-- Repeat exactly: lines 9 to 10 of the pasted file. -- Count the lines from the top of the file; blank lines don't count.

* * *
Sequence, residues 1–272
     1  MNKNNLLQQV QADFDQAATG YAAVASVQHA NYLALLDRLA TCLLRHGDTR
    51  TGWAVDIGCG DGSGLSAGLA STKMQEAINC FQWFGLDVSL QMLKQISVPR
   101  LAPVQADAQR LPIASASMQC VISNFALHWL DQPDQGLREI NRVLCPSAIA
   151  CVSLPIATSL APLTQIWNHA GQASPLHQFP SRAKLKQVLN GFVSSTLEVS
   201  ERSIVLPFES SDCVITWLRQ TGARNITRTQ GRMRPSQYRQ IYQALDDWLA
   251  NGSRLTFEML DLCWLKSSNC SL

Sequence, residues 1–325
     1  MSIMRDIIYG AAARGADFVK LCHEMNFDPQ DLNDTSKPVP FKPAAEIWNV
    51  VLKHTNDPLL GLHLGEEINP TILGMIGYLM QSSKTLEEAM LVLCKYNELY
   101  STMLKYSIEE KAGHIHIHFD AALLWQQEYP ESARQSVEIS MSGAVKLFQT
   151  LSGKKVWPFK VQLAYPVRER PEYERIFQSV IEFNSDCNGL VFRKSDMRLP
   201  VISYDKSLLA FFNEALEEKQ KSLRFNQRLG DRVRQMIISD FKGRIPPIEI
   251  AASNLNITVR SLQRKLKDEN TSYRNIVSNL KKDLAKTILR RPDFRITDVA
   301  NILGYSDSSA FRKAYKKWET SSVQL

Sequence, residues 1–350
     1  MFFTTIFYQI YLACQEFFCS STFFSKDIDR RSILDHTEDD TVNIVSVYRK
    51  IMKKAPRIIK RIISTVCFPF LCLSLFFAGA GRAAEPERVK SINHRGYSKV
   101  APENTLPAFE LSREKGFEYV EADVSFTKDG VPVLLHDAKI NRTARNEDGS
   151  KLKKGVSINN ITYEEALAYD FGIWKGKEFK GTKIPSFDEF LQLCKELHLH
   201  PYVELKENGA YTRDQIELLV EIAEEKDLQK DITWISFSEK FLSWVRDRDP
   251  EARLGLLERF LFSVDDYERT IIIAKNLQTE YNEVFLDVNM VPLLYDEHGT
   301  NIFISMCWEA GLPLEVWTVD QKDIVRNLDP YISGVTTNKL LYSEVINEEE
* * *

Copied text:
     1  MSIMRDIIYG AAARGADFVK LCHEMNFDPQ DLNDTSKPVP FKPAAEIWNV
    51  VLKHTNDPLL GLHLGEEINP TILGMIGYLM QSSKTLEEAM LVLCKYNELY